Mary Tutwiler

A squirrel in every pot

by Mary Tutwiler

A new environmental campaign has caught fire in England. And where there’s fire, there’s stew. Squirrel stew to be exact. The gray squirrel, introduced in England from North America over a century ago, is overrunning the habitat of the native red squirrel (think of Beatrix Potter’s beloved red Squirrel Nutkin). Gamekeepers and hunters are taking aim, and chefs have taken the tiny furry interlopers into their three star kitchens.

At least that’s the story the New York Times is telling this morning. It’s reminiscent of Louisiana’s culinary campaign to save the wetlands by eating more nutria. Remember nutria jerky? How many of the Ind’s readers still eat, if they ever did, nutria sauce piquante? Frankly, as a curious diner, I have eaten many “alternative” meats, squirrel and nutria included. I prefer nutria by a long shot. The meat is clean and white, reminiscent of rabbit. Unlike squirrel, nutria is easy to bag. Unlike squirrel, a single nutria will feed a family of five. Unlike squirrel, nutria is easy to skin. And unlike squirrel, nutria is not so cute and cuddly looking, even as a furry web-footed baby.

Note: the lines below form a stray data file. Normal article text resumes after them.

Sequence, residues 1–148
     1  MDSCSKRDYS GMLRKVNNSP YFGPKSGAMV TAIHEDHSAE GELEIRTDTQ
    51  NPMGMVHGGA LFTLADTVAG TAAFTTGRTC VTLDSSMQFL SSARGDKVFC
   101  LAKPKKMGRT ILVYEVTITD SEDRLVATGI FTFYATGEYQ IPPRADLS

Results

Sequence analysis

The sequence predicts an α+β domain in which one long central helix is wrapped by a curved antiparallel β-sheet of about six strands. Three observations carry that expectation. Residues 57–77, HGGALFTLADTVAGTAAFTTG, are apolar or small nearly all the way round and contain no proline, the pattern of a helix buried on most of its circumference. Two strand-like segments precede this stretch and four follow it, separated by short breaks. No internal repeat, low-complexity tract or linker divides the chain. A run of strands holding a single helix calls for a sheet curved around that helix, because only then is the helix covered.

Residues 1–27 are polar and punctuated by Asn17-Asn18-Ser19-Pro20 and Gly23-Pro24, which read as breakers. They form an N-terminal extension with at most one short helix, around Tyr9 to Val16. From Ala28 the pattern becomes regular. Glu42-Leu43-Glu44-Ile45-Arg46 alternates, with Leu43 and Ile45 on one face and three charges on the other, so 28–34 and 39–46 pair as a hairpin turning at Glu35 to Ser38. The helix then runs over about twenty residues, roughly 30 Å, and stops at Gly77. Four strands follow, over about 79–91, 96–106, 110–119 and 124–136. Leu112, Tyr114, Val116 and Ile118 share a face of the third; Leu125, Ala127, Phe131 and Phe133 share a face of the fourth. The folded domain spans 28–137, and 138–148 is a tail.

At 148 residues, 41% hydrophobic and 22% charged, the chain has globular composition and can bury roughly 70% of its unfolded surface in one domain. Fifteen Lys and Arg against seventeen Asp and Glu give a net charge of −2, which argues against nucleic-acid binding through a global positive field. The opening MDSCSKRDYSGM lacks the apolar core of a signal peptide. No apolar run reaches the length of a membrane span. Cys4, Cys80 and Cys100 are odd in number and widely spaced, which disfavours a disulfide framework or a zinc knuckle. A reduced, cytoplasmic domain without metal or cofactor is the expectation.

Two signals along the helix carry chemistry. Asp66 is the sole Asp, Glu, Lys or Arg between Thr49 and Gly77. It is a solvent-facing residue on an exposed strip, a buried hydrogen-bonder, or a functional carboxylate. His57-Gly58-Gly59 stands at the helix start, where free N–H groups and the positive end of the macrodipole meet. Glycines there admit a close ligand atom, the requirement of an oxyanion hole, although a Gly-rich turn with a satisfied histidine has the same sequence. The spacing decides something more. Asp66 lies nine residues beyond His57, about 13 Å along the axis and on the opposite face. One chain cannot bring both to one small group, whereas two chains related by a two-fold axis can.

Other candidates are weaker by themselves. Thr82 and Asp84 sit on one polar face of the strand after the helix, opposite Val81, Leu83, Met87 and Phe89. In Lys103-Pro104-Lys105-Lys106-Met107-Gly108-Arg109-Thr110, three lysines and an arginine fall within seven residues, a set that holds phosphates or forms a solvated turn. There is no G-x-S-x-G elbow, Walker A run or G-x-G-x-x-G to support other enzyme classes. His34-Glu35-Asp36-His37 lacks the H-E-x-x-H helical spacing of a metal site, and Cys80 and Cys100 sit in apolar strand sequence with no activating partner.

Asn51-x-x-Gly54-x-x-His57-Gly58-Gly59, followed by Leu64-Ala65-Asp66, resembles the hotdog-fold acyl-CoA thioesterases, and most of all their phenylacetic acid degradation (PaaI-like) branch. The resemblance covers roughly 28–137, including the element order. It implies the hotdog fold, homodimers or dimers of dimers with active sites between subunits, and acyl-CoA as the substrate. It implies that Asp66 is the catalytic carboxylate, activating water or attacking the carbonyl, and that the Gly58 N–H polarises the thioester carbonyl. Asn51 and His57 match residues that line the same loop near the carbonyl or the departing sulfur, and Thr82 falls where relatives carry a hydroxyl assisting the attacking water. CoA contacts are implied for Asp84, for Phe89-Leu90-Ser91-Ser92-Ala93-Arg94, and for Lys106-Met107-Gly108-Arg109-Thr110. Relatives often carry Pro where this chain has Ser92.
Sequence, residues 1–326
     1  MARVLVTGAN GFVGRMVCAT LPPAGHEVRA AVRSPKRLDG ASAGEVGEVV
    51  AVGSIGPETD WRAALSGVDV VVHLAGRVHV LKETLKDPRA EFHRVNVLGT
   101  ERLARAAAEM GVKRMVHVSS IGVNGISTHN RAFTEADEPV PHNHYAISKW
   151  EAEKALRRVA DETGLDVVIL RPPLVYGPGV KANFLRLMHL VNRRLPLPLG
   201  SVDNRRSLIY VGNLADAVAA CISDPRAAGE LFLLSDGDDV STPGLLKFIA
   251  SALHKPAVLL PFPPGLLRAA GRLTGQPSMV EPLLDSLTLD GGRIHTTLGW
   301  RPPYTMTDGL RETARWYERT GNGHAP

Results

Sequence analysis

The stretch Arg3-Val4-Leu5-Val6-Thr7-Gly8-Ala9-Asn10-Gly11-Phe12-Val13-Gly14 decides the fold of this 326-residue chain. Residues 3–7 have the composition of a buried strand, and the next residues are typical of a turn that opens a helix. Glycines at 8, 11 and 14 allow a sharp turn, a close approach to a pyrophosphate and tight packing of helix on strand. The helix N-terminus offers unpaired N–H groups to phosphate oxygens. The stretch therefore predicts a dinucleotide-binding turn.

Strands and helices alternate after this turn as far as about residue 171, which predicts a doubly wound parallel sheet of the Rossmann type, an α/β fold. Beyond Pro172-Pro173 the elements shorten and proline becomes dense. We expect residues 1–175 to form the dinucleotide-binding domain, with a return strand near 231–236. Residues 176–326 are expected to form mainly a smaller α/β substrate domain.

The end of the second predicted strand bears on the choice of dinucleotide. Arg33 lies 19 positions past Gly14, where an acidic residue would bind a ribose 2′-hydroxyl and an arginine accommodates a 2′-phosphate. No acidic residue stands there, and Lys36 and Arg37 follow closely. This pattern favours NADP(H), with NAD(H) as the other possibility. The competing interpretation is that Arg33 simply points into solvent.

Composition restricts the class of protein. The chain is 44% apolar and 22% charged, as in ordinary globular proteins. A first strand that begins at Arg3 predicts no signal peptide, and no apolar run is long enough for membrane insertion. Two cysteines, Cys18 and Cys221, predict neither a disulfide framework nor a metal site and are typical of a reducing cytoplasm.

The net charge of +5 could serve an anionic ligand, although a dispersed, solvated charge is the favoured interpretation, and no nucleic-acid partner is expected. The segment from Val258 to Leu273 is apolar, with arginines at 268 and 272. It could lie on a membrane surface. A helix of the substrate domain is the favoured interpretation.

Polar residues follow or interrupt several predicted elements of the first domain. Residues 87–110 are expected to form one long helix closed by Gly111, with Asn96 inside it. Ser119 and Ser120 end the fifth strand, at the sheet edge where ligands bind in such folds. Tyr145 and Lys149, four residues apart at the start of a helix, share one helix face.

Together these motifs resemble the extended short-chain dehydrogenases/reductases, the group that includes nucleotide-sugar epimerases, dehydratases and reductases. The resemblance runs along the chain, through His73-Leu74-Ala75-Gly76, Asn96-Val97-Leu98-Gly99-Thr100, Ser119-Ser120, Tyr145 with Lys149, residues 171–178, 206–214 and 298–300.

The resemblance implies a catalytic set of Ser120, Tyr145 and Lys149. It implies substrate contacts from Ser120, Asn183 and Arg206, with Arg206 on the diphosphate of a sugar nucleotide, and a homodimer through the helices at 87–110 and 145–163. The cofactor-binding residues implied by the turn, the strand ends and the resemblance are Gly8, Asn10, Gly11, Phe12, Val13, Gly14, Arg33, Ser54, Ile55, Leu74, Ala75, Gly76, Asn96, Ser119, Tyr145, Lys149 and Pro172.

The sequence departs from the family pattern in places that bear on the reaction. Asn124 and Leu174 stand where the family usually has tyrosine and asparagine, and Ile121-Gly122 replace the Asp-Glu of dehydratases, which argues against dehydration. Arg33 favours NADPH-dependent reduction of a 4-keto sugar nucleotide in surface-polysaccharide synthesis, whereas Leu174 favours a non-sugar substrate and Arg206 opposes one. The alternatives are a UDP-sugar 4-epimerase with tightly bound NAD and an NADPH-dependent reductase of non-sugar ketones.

At a squirrel tasting, the NYT reports, Nichola Fletcher, a British food writer found “their lovely flavor tasted of the nuts they nibbled.” But upon her next encounter with squirrel, she wrote that they had “a greasy texture and unpleasant taste.” Chef Fergus Henderson, of London’s restaurant St. John told the NYT he sometimes prepares his squirrels “to recreate the bosky woods they come from,” braising them with bacon, “pig’s trotter, porcini and whole peeled shallots to recreate the forest floor.” He serves it with wilted watercress “to evoke the treetops.”

Lyrical. I think in these difficult times maybe it’s time for Louisiana to give nutria another try. And we can kill two or three invasive exotics with one dish. Imagine a roast of nutria, stuffed with zebra mussels and apple snails to recreate the deteriorating marshes they come from, smoked over a fire of tree-smothering kudzu and served on a bed of wilted hydrilla, to evoke our weed-choked lakes. Bon appetite.